Second, I have very strong opinions. Mister does, too. And sometimes our vision clashes with that of the pros. Now – as we are dealing with our home, we are going to be right. Even when we’re not. And while this should be a non-issue, it gets sticky when a for-hire contractor insists on getting his way. That’s when I have to figure out how to gently insist on getting my way, instead of calling someone a fuck-stick and flipping them off. (Just so you know, I haven’t done that. Not yet.) The biggest challenge in having strong opinions is relating that vision to a contractor. Common language has to be found so that my intentions can be understood. And because I’m such a friggin’ nice person, I often struggle with merely opening my mouth to speak my truth in the face of disagreements. I am terribly awkward in those situations. Really – I’ve struggled to the point of tears. I’m working on it, but I’ve miles to go before I sleep on this one.

 

Lastly, I have a wee bit of a problem relinquishing control of jobs around my home. I don’t’ know what it is, but it stresses me to no end. I mean – I know absolutely nothing about felling trees or grinding stumps, and yet when I need someone to perform those jobs, I lose sleep. I’ve been trying to figure out why I flip my gourd, but I’m not really sure. Maybe part of me feels like I should be able to figure out how to do just about anything around the house. Maybe part of me knows no one will ever care as much for my house as I do, and that even the highest-rated professionals aren’t emotionally invested in the new pad. But these are random reasons. Real reasons, granted, but I don’t know if all this stuff adds up to explaining my home control issue.

 

So where does that leave me? Not sure. But there’s no point in obsessing over it. For now, I have to figure out whether or not I’m replacing the tile hearth by the front fireplace. A few deck boards are in bad shape and need to be replaced. There’s always something needing to be painted or refinished. In short, there’s no end in sight to my personal list of home jobs. Hopefully I can tackle most of them myself. Otherwise I’m in for a few sleepless nights, waiting for some highly regarded professional to come and do excellent work in my home. What a nut-job I am.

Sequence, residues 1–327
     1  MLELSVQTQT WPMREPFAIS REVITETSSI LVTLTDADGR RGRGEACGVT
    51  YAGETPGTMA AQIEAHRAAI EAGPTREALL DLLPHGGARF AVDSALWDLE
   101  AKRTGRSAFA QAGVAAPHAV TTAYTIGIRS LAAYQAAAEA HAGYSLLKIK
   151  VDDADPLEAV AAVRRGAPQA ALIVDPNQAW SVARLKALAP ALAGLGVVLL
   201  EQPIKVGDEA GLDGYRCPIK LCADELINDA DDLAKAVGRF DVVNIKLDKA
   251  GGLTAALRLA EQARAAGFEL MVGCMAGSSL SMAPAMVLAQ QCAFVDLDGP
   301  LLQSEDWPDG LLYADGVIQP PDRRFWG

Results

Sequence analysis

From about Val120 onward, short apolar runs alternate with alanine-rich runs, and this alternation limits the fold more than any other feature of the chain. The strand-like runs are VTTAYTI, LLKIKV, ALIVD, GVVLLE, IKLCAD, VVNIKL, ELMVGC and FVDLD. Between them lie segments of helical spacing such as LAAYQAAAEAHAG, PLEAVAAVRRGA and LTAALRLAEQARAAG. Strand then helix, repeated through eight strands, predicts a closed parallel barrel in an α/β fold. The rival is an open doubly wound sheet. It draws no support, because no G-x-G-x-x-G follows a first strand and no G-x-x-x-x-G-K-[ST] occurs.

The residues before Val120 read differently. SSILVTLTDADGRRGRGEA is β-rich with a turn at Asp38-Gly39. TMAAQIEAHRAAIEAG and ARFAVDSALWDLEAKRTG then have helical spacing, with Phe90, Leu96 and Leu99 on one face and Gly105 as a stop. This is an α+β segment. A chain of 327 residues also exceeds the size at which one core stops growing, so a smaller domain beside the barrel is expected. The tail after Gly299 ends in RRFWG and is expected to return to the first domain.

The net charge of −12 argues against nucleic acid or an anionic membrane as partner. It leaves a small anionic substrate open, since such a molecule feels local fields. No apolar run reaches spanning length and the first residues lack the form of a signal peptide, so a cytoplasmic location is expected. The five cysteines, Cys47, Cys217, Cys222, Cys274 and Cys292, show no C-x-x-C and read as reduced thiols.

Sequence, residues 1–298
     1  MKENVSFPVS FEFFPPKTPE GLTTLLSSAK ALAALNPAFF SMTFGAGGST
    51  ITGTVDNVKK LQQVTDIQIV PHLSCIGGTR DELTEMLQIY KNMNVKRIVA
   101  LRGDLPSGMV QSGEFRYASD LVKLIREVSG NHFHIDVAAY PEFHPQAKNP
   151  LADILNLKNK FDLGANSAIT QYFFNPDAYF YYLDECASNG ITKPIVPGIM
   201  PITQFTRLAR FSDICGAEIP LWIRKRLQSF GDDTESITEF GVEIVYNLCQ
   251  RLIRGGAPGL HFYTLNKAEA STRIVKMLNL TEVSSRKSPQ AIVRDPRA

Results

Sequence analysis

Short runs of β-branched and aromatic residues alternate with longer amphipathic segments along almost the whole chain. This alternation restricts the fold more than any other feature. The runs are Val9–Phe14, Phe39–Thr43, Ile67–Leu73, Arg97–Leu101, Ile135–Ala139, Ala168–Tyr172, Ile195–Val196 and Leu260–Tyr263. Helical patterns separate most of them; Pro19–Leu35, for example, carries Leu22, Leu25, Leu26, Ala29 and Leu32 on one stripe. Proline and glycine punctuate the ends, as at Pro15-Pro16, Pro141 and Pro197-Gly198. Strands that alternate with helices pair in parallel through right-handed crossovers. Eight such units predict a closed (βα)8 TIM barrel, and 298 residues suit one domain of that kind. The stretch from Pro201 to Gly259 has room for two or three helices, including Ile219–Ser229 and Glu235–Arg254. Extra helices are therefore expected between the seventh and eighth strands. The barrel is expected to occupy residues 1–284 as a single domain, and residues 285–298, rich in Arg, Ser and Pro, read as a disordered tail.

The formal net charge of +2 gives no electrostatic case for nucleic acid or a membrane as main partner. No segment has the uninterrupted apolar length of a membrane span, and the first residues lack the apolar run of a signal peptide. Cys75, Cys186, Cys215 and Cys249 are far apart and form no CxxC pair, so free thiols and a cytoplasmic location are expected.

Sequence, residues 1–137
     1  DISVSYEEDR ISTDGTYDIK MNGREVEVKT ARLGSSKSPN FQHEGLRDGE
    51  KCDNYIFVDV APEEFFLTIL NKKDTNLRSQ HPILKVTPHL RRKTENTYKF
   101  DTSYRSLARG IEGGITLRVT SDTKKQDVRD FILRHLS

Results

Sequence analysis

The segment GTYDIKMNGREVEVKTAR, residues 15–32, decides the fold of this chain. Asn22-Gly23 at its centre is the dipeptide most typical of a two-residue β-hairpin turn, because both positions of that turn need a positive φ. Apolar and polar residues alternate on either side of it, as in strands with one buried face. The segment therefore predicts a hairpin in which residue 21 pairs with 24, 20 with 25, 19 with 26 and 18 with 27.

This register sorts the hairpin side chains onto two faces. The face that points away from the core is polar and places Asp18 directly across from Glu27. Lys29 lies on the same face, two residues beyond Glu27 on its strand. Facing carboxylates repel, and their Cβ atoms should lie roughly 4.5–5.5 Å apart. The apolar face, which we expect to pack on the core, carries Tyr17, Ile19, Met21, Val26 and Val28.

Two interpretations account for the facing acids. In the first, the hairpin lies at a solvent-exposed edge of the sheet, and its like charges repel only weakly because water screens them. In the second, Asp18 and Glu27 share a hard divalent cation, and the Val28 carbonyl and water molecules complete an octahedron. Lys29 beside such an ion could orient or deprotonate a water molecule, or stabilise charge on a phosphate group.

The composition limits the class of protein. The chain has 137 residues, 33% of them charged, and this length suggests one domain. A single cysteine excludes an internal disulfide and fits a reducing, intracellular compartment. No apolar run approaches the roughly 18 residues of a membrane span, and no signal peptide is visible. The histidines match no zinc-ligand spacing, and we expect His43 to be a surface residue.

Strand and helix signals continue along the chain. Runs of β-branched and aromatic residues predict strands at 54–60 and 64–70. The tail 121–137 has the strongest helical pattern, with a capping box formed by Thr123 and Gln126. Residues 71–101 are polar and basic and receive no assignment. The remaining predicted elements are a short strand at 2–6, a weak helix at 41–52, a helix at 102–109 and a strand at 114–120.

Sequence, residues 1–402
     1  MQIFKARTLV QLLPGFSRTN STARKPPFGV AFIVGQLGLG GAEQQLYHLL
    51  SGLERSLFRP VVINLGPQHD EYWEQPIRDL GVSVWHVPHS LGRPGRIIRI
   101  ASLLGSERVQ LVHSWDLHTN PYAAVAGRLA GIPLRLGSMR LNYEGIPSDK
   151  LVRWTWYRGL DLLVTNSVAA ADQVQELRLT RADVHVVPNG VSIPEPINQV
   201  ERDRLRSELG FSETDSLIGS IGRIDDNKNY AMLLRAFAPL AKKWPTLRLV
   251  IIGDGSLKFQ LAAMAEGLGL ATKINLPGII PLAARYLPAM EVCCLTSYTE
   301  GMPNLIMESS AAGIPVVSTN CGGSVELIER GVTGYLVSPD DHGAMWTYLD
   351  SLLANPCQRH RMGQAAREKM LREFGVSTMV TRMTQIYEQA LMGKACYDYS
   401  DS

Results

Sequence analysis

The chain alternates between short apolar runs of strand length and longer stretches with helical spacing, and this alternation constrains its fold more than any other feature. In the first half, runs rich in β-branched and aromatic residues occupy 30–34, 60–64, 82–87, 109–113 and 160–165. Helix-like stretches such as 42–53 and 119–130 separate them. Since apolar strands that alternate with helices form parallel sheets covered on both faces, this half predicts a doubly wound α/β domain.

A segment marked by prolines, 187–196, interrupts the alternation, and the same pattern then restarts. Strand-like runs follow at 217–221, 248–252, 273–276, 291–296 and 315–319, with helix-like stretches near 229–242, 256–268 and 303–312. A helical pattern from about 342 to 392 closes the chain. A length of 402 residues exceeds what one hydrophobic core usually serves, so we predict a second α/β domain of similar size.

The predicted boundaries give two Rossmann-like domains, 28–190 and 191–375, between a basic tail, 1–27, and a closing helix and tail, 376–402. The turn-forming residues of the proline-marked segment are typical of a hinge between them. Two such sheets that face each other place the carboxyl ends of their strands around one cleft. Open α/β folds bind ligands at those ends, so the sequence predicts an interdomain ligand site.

Idle Hands?

 

 

 

Yesterday I shared a bit about how my fingers are sore from sewing. And sewing. And Sewing. Well I’m happy to report I worked my thumbs – double-time – and now the pillow factory is officially closed.

 

The weather’s getting clearer (and warmer), so I can think about tackling some board replacement on the patio where dry rot is setting in. And I still have to tear out a too-small mantel from the fireplace in the living room, then patch and paint the wall there. (That will be the last of the painting in that room – woo-hoo!) After that’s done, I can start painting the bedroom and dealing with whatever comes up in there. And then…

 

My point – and I do have one – is this: There’s always another job, another task on the never-ending to-do list of home repair. Fortunately, I’m handy and can tackle a lot of what needs doing. And I’m not even talking about the jobs I can’t do. Things involving electricity and roof patching, or bats in the belfry, for instance. Those jobs require outside help. And saving my shekels to pay for the help.

 

Although I’ve gotta tell ya – I am considering learning how to frame a wall so that I can build a closet. I’m not kidding. I think I can do it! And – how cool is it that I get to try!

 

Well – once the feeling returns to my fingers and thumbs, that is. Thank the lord I’m not a seamstress.

Who You Gonna Call?

 

 

I am somewhat handy. Actually, I’m pretty danged handy. When a job needs doing around the New Pad, the first question I ask myself is whether or not I can handle it. So far – touch wood – the answer has mostly been yes. And though I am sometimes intimidated by a task, I know the only way to the other side is through the problem, and so I tackle the job. Eventually.

 

But there are times when my hands cannot solve a problem. Like when a fireplace needs rebuilding. Or when there’s a gas leak. Or, as I had to recently admit, when a shower drain is so clogged that no amount of toxic chemicals will clear the obstruction.

 

Let me tell you – I’ve been living with my clogged shower drain for quite a few weeks. Weeks, y’all! And I have engaged a plumber before, and he’s saved my bacon on more than one occasion, but I always feel like he’s overcharging me. (He probably isn’t, but I still feel that way.) So I decided I needed to try a different plumber for this pain-in-the-butt of a clog. After asking a couple of people I respect, and finding out they both use the same danged plumber, I made an appointment. Yesterday the dudes arrived, tried to clear the clog, couldn’t, then started talking about tackling the problem from the roof. I felt bad for them, but I also knew they’re the professionals and I went about painting a wall. They tried a new tact, without a climb to the roof, and it worked!